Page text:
In a remote region of the Republic of Congo, researchers are conducting groundbreaking research into how gorillas and chimpanzees live alongside one another in one of the most pristine landscapes on earth.
Studying a One-of-a-Kind Home For Gorillas and Chimpanzees
In a remote region of the Republic of Congo, zoo scientists are studying gorillas and chimpanzees living together in a one-of-a-kind ecosystem. The pristine Goualougo Triangle lets researchers monitor great ape behavior and tool use in a setting untouched by human influence. Neighboring areas offer the unprecedented opportunity to measure human impact—and develop conservation plans—as logging, agriculture and roads approach what was once untouched rainforest.
Experience the Goualougo Triangle
Travel to an Untouched Ecosystem
A trip to the Goualougo Triangle's remote rainforest home for chimpanzees and gorillas is a multiday affair, involving flights, canoes and an all-day hike through the swamp.
Follow the World’s Wildest Apes
The Goualougo Triangle's chimpanzees and gorillas are nearly untouched by human influence, letting researchers study truly wild ape behavior and tool use.
Preserve their Home for the Future
While the Goualougo Triangle is protected, neighboring rainforest habitat for chimpanzees and gorillas is not. By studying the impact of sustainable logging, researchers can help develop a blueprint for protecting apes throughout Africa.
Travel to an Untouched Ecosystem
Watch a video of the arduous journey taken by zoo researchers to reach the remote Congo forest home of wild gorillas and chimpanzees.
Getting to the 95,000-acre Goualougo Triangle region of the Republic of Congo is a multi-day affair, involving international flights, rattling drives, boat and canoe rides and a full-day hike through swamp and rainforest.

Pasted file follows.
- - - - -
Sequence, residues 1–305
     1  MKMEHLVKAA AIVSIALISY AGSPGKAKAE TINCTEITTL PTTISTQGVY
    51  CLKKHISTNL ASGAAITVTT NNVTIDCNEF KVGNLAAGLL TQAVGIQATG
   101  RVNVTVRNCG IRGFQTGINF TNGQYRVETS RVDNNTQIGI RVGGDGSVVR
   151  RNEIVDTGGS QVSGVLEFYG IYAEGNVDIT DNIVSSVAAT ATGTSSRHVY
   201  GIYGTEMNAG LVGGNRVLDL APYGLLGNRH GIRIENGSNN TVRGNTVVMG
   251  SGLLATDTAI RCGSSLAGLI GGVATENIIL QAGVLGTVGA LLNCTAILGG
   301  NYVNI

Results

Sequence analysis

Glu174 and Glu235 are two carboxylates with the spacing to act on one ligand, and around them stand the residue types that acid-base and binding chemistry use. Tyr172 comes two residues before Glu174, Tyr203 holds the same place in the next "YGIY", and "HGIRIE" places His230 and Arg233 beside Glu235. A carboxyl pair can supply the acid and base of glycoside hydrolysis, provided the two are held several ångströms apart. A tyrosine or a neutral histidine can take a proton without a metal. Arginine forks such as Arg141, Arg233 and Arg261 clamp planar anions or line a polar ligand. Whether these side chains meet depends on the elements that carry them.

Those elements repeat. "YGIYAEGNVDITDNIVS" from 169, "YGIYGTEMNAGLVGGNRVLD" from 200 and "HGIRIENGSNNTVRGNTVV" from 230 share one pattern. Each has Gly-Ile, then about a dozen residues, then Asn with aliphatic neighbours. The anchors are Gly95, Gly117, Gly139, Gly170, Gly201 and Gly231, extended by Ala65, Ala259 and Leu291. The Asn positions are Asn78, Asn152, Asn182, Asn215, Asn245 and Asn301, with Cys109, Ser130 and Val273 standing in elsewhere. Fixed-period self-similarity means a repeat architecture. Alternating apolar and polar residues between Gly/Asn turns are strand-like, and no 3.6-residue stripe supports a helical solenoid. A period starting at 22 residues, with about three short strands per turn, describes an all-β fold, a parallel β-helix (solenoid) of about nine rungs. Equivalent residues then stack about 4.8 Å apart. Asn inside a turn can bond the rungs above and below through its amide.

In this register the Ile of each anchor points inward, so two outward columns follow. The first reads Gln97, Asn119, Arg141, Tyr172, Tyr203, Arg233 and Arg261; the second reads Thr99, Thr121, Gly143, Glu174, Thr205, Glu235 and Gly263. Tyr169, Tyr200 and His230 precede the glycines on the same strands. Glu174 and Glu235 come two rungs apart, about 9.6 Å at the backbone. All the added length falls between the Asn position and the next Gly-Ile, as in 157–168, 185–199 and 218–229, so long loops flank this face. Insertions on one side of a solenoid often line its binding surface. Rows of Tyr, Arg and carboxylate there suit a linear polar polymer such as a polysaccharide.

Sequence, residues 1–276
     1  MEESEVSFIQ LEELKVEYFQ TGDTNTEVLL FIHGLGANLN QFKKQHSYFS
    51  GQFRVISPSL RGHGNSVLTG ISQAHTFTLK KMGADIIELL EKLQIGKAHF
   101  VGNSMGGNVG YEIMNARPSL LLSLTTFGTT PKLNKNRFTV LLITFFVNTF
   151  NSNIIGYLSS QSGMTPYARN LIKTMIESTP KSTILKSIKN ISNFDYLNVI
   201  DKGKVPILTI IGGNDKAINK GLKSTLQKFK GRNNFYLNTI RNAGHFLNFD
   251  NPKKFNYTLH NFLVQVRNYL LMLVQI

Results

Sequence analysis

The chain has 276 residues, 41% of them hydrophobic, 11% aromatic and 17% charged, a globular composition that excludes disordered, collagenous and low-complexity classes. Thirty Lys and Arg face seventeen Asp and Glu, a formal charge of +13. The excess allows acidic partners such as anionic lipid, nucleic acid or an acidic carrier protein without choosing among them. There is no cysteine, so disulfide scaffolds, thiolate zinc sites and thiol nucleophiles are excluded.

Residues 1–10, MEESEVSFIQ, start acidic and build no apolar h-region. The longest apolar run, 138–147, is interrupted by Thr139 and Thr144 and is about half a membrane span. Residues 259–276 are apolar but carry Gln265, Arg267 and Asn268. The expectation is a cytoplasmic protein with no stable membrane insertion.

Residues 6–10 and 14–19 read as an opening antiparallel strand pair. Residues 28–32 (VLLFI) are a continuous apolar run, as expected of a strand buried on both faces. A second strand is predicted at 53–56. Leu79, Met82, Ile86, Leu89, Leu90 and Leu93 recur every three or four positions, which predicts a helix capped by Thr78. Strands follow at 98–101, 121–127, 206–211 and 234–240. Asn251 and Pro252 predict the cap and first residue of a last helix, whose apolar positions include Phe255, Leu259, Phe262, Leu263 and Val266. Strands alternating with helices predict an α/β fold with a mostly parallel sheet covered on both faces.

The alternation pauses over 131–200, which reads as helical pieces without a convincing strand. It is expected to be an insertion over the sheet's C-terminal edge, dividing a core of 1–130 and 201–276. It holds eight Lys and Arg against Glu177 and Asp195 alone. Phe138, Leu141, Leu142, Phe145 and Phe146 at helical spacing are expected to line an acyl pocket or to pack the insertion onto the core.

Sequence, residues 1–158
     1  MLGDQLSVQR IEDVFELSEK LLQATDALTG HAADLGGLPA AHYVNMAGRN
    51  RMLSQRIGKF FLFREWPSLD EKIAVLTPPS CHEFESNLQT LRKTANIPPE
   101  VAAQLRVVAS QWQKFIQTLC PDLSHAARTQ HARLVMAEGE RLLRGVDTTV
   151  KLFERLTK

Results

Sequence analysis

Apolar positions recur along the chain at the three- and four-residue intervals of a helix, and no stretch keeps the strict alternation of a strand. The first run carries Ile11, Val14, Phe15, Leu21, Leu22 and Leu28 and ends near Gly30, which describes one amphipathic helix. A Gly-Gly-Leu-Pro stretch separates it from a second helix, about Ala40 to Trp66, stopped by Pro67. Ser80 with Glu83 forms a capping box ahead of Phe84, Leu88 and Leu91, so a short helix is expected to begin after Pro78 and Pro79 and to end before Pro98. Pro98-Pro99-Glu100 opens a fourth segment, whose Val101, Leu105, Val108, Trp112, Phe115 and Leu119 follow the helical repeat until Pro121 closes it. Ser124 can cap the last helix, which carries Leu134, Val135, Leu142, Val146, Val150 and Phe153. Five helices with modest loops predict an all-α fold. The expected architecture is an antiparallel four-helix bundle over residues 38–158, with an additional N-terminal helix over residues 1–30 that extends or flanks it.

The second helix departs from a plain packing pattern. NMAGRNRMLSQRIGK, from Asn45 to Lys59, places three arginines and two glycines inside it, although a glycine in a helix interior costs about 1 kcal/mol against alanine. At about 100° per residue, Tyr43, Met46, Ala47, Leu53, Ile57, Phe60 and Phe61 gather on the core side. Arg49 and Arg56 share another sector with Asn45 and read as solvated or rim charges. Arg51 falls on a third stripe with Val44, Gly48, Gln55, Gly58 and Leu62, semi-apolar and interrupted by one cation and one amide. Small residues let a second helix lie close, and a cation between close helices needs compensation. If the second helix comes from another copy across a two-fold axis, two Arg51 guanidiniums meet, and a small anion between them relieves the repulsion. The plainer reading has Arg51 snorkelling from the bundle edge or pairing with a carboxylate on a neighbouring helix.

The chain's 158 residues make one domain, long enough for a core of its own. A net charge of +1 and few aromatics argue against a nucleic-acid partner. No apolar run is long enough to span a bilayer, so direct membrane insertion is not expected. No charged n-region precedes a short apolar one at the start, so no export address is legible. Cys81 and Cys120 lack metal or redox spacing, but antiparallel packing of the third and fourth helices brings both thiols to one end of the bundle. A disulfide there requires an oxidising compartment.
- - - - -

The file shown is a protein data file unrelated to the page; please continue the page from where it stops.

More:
Of course, the remoteness of the setting is what makes it a spectacular home for wilderness. Part of Nouabale-Ndoki National Park, the Goualougo Triangle is home to animals including gorillas, chimpanzees, forest elephants, aardvarks, red river hogs and more.
Gorillas and chimpanzees are the focus of the Goualougo Triangle Ape Project, though, and Lincoln Park Zoo Research Fellow Dave Morgan, Ph.D., and his wife and research partner Crickette Sanz have studied these species in this remote site since 1999. A team of dozens of local people help Dave and Crickette maintain the camp, track chimpanzees and gorillas through the forest and monitor the apes’ unique behaviors.
Their home base is a low-impact camp built from tarps, branches and mud bases. All food and supplies are brought in by boat and on foot (with garbage leaving on the return voyage). While the camp infrastructure is rustic, solar panels provide green power to laptops, rechargeable batteries and research equipment. It’s a sustainable fit for a wild ecosystem.
Deep Forest Odyssey
Zoo scientist Steve Ross offers a firsthand account of traveling to Lincoln Park Zoo's field-research site in the Republic of Congo's remote Goualougo Triangle.
A Walk in the Forest
Towering trees and elephant footprints—Vice President of Conservation & Science Lisa Faust shares what it’s like to walk through the forests of the Goualougo Triangle.